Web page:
Unity with Ukraine, peace, freedom, democracy, justice, human rights, diversity, trust.
These are some of the words echoing in a Eurocities video with mayors and city officials spelling out what the European Union means to them.
Local leaders are sending their message on Europe Day, a 9 May annual event marking what seemed unthinkable less than a century ago: a union of European states working together for a more prosperous, peaceful, and just future for all.
Cities for Ukraine
This year, with the conflict in Ukraine approaching its eleventh week, the beating of war drums across the EU border adds an agonising sound to the cheerful celebrations across the continent.
As the conflict shows no sign of abating, solidarity is the keyword.
“On this Europe Day cities stand with Ukraine”, a chorus of Eurocities local officials says in the video. Since the outbreak of war, municipalities have been displaying an unprecedented show of unity: they’re receiving and integrating refugees and, in parallel, sending much-needed aid to Ukraine.
The Russian aggression comes in close succession to the two-year Covid-19 pandemic that tested once again the European Union’s resilience while proving the value of its united approach.
Why Europe Day
The idea of Europeans rallying together in search of a common good started 72 years ago with the stroke of a pen. It was 9 May 1950 when Robert Schuman, the then French Foreign Minister, signed the document that gave birth to the European Coal and Steel Community. Every year, Europe Day celebrates this landmark date.
Coal and steel, that only a decade earlier forged the weapons of war, would from that moment steer the course of the continent’s history.
The creation of a six-members common market for coal and steel paved the way for an economic union, and eventually today’s 27-strong supranational political body.
From festivals to a national holiday
In cities across the EU, a busy calendar of activities celebrates the Union’s birthday.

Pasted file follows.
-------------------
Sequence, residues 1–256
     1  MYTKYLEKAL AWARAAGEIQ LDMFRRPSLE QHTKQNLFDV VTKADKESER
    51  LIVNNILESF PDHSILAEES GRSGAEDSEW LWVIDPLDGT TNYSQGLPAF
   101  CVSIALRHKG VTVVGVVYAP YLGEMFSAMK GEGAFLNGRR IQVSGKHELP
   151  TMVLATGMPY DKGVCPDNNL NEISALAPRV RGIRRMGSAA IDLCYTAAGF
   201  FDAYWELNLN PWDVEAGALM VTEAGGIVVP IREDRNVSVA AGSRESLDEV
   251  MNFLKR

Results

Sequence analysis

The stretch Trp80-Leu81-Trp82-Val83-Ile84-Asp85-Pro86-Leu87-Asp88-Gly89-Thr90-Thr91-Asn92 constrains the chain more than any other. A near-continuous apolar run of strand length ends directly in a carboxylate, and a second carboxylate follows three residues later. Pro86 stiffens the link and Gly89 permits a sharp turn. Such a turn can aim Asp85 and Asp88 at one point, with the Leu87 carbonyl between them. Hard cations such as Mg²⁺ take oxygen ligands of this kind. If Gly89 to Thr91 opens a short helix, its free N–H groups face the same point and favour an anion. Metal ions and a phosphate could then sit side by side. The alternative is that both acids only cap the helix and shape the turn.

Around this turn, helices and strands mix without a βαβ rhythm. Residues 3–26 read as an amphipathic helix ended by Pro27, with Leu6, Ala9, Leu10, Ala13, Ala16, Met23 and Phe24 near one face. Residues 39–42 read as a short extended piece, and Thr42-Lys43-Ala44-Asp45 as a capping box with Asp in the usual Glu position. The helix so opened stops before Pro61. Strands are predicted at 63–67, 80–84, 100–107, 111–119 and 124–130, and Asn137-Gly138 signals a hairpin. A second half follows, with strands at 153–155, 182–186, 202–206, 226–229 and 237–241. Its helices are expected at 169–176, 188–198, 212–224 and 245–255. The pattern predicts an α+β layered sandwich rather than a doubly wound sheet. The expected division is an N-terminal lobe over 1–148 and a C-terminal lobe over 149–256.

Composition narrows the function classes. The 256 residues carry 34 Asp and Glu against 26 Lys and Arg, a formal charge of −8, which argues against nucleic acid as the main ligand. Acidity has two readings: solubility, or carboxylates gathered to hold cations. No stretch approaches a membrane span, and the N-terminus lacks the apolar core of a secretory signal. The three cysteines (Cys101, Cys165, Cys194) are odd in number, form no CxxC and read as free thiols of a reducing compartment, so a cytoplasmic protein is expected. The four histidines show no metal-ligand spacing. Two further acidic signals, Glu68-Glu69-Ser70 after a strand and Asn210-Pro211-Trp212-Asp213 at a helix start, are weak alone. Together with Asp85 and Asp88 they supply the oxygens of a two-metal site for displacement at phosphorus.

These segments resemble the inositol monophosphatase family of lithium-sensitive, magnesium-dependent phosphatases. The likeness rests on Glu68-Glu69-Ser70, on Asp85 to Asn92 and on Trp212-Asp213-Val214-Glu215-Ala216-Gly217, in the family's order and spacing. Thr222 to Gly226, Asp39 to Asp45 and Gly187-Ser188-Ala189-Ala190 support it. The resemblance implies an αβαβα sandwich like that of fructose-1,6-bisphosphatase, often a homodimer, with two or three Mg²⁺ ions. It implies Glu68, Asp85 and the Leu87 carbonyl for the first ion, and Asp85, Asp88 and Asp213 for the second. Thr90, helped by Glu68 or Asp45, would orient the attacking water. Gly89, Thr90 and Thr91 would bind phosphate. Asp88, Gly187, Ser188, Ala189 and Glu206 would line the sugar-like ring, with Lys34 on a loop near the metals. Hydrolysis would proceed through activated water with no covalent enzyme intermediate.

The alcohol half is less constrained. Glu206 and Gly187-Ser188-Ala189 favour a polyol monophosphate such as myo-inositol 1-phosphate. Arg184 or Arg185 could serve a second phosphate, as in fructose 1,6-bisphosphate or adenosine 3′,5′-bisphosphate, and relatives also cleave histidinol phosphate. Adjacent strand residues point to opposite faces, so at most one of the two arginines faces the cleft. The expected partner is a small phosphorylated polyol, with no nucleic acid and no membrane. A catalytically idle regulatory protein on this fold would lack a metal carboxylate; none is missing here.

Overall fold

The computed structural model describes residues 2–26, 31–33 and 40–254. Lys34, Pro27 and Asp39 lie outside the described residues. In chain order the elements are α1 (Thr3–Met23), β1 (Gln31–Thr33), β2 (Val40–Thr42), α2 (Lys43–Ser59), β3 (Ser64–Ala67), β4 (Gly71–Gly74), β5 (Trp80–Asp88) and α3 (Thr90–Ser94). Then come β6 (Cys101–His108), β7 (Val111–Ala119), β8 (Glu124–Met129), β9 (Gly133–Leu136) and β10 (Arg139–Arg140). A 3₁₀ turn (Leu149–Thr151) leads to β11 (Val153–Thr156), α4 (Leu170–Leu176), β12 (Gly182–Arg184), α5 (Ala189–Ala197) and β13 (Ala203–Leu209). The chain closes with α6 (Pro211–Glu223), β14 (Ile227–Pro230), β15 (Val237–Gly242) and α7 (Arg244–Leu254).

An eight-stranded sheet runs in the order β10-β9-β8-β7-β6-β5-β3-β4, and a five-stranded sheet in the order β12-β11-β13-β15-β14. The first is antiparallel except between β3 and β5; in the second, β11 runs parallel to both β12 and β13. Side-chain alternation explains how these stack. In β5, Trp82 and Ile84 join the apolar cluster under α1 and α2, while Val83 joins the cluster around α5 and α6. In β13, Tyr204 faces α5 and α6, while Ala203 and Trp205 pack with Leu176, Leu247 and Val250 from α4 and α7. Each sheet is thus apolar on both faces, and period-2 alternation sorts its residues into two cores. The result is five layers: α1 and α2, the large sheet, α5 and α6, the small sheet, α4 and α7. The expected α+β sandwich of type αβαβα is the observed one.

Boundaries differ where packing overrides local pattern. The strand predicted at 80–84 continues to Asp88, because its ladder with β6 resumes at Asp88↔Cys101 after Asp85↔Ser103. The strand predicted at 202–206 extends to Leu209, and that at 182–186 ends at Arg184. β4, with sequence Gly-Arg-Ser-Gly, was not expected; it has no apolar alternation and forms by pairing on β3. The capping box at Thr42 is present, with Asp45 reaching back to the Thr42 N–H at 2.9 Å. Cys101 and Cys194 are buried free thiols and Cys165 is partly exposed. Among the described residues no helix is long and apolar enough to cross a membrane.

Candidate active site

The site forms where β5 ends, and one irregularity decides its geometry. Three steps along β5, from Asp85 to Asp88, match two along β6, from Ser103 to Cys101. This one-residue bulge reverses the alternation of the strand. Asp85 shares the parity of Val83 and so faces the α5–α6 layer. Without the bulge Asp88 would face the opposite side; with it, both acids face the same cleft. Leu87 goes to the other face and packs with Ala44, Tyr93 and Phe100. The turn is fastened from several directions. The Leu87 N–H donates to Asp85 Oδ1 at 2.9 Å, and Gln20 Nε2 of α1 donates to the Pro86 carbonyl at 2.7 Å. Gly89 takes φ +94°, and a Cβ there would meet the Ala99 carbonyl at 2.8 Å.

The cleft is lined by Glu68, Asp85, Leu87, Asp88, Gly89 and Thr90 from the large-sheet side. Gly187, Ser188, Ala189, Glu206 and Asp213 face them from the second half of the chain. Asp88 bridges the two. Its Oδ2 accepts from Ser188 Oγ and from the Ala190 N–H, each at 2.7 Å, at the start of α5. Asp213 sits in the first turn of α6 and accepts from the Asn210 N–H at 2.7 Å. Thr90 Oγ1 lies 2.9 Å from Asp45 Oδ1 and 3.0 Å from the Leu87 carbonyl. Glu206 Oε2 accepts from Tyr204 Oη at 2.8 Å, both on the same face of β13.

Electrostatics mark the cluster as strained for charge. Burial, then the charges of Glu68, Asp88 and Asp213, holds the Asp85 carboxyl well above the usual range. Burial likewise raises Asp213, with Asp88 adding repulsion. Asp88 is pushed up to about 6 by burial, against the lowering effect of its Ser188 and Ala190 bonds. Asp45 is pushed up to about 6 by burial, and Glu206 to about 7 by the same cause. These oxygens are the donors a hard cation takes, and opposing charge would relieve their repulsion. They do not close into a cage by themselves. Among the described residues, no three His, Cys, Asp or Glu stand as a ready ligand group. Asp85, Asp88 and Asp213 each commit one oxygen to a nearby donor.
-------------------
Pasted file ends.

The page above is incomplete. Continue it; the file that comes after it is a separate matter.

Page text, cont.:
In Florence, the week-long Festival of Europe brings together politicians, civil society, academics, businesses and media to discuss pressing issues and the EU’s future. The event is also a chance to take a different look at Florence through a tour of EU-financed projects across town.
Nantes Metropole is emphasising the EU’s cultural richness with concerts, theater shows, language courses, games, European cuisine and musical tales in different languages. In addition, the French city is distributing a special newspaper with an EU dossier to all its residents.
In Munich, the Europa Mai platform promotes EU activities, a variety of European participatory actions and exchange opportunities.
In Spain, Gijon’s celebrations shine a spotlight on the 2022 European Year of Youth and Culture. Meanwhile, blue lights beam on municipal buildings featuring the main colour of the EU flag. Other events across town include the reading of a peace manifesto, conferences, exhibits and movies.
Zaragoza plans to hand out a special “Star of Europe” award to Ukrainian representatives, in a symbolic gesture to recognise peace and European values. Like Gijon, the Spanish municipality is running an essay and drawing competition for school children centred around the European Year of Youth.
In Brussels, Europe Day started over the weekend with the annual open doors event that grants access to the inner workings of the EU. Visitors can take a tour of buildings housing the EU institutions such as the European Parliament and Commission, participate in debates, bike tours and even visit a Green Deal village to learn about sustainable activities and initiatives.
In Luxembourg, meanwhile, Europe Day has been elevated to a national holiday, the first EU country to make such a move. The day off may inspire some to reflect on the EU as an imperfect yet necessary coalition, a work in progress, an eternal compromise, a masterpiece of diplomacy.